How much of the responsibility for our health belongs to doctors, and how much falls on our own shoulders? There’s an interesting discussion about this subject at Notes From An Anesthesioboist, in an article about patient responsibility. If you check it out, make sure you read through the comments too, as there are lots of opinions expressed, and lots of good points made. My own opinion is that each of us has nearly all of the responsibility for our own health, and that we can keep ourselves fairly healthy by eating well, exercising, not smoking, minimizing stress, etc. But what about people who need extensive medical care, despite maintaining a healthy lifestyle? How does the responsibility cookie crumble in those cases?
Some ailments come out of the blue – like my father’s rare autoimmune disease that caused kidney failure and makes him highly dependent on medical care and dialysis (and health insurance) to stay alive. I’m no stranger to the acute need for health care that some people face. But even a situation like my father’s involves a huge amount of patient responsibility. True, he can’t heal his kidneys no matter what he does. But he and my mother are diligent about his diet (the renal diet is extremely restrictive, and they follow it to the letter), his meds (he has to take a phosphate-binder at every meal since dialysis doesn’t remove phosphate), and his dialysis (every night he spends three hours hooked to the dialysis machine). He has to limit his fluid intake, and avoid foods that are high in potassium and phosphate. Life in general is a lot tougher for him than it was before all of this. But the alternative isn’t very appealing, so he works to keep himself as healthy as possible.
Over the years, my parents have met lots of other dialysis patients. Some are smokers. Some drink five times as much liquid as they are supposed to, and rely on dialysis to remove the extra fluid. Some aren’t compliant with their meds at all, and their labs are all over the board. Some have other conditions that exacerbate their kidney failure, and aren’t compliant with their care for either ailment.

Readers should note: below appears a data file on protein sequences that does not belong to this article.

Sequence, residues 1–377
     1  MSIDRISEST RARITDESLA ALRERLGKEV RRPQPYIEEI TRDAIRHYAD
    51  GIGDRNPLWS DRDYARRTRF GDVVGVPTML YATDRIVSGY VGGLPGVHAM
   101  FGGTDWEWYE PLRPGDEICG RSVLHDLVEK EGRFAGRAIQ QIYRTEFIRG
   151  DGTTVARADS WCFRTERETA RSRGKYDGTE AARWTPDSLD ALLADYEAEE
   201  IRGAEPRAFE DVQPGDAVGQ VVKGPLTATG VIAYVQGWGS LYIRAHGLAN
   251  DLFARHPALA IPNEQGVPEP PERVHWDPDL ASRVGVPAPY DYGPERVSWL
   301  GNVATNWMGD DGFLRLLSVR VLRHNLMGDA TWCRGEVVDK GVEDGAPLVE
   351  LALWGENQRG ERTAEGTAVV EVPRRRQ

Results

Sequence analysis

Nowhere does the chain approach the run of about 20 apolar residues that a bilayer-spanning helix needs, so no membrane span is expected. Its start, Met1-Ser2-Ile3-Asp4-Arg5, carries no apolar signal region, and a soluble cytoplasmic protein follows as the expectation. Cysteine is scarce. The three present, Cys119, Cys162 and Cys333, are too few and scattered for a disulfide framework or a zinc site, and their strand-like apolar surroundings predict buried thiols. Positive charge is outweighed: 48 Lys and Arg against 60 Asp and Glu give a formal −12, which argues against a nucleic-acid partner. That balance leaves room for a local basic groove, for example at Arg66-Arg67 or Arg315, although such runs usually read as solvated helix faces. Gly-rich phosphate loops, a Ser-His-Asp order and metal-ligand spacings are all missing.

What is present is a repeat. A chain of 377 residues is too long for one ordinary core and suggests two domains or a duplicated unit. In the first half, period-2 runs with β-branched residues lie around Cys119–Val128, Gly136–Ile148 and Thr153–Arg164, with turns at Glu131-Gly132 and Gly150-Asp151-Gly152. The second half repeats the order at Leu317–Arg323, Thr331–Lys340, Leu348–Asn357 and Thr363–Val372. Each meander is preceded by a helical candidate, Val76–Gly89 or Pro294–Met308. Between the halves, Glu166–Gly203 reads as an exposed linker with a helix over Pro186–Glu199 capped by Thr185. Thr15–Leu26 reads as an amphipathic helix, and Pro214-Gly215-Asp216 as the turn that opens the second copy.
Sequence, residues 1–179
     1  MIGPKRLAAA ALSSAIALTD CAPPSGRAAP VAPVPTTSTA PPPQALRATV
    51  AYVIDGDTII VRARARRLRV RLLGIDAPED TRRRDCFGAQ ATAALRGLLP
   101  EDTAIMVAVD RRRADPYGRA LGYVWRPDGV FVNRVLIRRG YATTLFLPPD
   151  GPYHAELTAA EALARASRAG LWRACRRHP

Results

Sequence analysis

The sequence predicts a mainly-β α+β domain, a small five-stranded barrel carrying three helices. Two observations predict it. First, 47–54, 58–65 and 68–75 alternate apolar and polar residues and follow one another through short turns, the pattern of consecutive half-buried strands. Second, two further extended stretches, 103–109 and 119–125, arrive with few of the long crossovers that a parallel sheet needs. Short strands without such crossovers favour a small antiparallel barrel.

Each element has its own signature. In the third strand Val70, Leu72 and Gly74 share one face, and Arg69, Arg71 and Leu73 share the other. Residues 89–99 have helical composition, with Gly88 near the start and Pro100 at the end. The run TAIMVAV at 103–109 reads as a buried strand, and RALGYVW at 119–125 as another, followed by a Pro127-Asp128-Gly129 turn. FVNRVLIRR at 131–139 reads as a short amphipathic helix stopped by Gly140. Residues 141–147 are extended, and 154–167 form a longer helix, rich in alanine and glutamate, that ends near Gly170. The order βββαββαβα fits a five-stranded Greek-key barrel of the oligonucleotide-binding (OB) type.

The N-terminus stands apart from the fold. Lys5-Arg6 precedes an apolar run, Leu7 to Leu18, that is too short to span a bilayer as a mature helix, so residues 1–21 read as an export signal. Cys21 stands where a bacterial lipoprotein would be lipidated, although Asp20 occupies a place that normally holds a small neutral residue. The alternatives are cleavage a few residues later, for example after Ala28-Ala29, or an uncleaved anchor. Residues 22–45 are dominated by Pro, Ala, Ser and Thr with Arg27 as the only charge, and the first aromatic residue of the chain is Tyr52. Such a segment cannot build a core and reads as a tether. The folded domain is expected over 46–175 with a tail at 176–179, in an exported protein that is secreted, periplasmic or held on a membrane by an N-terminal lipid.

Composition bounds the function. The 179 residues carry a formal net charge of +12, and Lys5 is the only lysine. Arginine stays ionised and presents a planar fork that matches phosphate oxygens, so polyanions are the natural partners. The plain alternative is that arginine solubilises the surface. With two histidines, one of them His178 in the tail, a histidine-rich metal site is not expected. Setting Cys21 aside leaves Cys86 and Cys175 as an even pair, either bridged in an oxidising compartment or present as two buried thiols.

That’s not to say that the entire responsibility should be the patient’s. People with serious medical conditions have to place a certain amount of trust in their doctors, and over the years my parents have come across numerous medical errors pertaining to my father’s care. Doctors make mistakes, and some doctors are just plain bad (isn’t that the case in any profession?). For the most part, the doctors my dad works with have provided good care. But they aren’t – and can’t be – babysitters. They can’t be there to say that perhaps it would be better to not have that cigarette or bottle of soda. They can’t force their patients to take meds or avoid certain foods. My parents make the trip to the University of Colorado Hospital once a month to see the doctor. He gives my dad the tools he needs to be as healthy as possible, but it’s up to my dad to put those tools to use.
The concern I have with physician reimbursement based on patient outcome centers around patients like my dad. Nothing he does is going to bring back his kidneys. He’s dependent on medical care indefinitely, despite all of his efforts to be as healthy as possible, and no matter what his doctor does. Would an outcome-based payment system mean that doctors who treat chronically ill patients wouldn’t be reimbursed as well as doctors who treat people who can expect to fully recover from whatever illness they have? Would doctors be less likely to take on chronically ill patients? Yes, we should all eat kale, exercise every day, and take responsibility for our own health. But what if we get sick anyway? Doctors and patients are both responsible for patient outcomes, and any reimbursement reform should focus on both of those aspects.
I found the article about patient/doctor responsibility in Grand Rounds, hosted by Doc Gurley. Check it out – it will remind you of childhood games of clue…